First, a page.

Be prepared to Scan Printed Materials:
Even though it is true that a lot of material is online, there is some which is still only available in a physical printed form. Such materials may include books and journal articles which are older, but may contain information which is just as relevant as online information. Therefore, it is not advisable to ignore information which is in books and journal articles just because it isn’t online, and isn’t immediately accessible. You will need to scan the information which is offline, and use an OCR application to recognise the text present on the page. Kurzweil 1000 is the programme which I have experience with, but there are many alternatives you can choose from. There is even a mobile application called KNFB Reader, which works on the iPhone, iPad, and iPod Touch. KNFB Reader is expensive, but it is very versatile and may be ideal in a library situation. You can read more about KNFB Reader at this link courtesy of Applevis.
EBSCOHost is a Brilliant Companion for Your Library Website:
EBSCOHost is an application for iOS Devices (iPhone, iPad and iPod Touch), which has a simple interface that enables you to search many of the databases linked with your library account. After you download the app you will need to visit your library’s website, open a link which is related to EBSCOHost for Mobile, and then you will be emailed a code to authorise your app for 6 months or a little longer. I have found this app to be very handy when I used it, but it is not essential when you are conducting research; so don’t worry if you do not have access to it. If you do use the app, keep in mind that there is a feature for downloading and viewing a PDF version of the article your reading. This feature is inaccessible with VoiceOver, but this is a small feature of the app and doesn’t affect its functionality. Visit this link to view EBSCOHost on the app store.
Don’t Forget About Kindle, CourseSmart and Other Sites for Accessible Books:
If you are finding it particularly difficult to scan physical books, or find books which relate to the topic you are researching, don’t forget that you can access accessible books via Kindle, CourseSmart, Audible etc. As I mentioned in my previous post, the titles which are available on the mentioned providers can vary, and you will have to search around to find the desired content. In my experience, Kindle is great for finding books regarding Research Methodology and other academic subjects which are accessible.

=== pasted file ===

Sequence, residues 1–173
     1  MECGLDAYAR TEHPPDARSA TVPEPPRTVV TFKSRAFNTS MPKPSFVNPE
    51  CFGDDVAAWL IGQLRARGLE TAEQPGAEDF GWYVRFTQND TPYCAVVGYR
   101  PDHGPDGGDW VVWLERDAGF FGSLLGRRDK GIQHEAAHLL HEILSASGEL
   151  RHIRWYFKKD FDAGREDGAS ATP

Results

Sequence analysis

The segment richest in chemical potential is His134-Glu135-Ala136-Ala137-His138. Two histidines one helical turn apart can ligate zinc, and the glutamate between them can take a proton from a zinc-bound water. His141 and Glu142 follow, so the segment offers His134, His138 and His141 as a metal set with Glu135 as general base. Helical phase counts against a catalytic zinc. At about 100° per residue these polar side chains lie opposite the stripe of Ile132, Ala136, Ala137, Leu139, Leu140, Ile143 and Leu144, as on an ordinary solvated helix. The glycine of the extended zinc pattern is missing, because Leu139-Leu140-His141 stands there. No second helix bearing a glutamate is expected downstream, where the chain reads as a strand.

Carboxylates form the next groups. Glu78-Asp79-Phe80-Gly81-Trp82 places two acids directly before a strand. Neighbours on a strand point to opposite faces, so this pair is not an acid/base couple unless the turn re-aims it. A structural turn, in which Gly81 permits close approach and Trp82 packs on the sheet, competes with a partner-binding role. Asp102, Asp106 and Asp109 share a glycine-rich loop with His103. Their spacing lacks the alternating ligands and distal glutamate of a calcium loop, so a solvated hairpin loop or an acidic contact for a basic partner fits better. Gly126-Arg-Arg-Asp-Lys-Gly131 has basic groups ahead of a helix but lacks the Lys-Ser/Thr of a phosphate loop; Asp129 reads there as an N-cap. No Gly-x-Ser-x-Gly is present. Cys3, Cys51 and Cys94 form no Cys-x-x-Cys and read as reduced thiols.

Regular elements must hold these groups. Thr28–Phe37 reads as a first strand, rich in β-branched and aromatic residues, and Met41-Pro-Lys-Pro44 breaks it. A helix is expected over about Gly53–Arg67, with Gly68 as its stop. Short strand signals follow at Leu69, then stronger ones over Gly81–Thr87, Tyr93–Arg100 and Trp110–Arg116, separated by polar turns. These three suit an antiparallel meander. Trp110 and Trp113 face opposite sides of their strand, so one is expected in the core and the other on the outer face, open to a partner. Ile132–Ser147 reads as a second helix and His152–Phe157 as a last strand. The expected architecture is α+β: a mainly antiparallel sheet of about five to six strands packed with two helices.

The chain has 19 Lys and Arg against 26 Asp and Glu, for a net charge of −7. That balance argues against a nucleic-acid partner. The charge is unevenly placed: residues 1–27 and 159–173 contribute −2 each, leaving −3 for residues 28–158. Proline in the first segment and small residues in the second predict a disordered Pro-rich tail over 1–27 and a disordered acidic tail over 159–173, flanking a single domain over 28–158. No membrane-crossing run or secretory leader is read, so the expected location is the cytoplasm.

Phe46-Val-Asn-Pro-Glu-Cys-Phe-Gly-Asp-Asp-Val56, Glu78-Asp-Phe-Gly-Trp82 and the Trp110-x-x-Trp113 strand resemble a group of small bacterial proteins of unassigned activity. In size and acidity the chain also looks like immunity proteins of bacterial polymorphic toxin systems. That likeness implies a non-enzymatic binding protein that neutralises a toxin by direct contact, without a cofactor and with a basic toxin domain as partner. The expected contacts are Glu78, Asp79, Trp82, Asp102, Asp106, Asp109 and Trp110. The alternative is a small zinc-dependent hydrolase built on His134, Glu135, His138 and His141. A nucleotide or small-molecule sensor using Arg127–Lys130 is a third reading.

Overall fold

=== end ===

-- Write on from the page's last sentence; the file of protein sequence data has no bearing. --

JAWS Research It Might Be Useful:
I have known about the Research It feature in JAWS for a long time, but I have never used it for personal use or research purposes. I would imagine that Research It is best for researching current topics which are in the news. If a lecturer/teacher requests that you research a current news topic, JAWS Research It would be an ideal place to begin your search. Research It is a feature which is only available on the JAWS screen reader, and the key command CTRL + SPACE + R will activate the Research It feature.
Bookmarks Are Great:
When I find an online article or book I am particularly interested in, I always create a Favorite or Bookmark which I can refer back to later. It is also a good idea to create Favorites or Bookmarks of your most used research databases, online journals, Google Scholar and your library’s website. This will make it very easy for you to access certain features instead of searching through the various links and headings of your library’s website. If you are using an iOS Device, I have found it beneficial to create Safari Bookmarks on your Home Screen, and store a group of Bookmarks in a Folder.
I genuinely hope that you can improve your research by using some of the mentioned resources, and if you have any further queries just get in touch.
As it can sometimes be difficult to find what you are looking for while researching, I think the song I Still Haven’t Found What I’m Looking For by U2 is quite appropriate.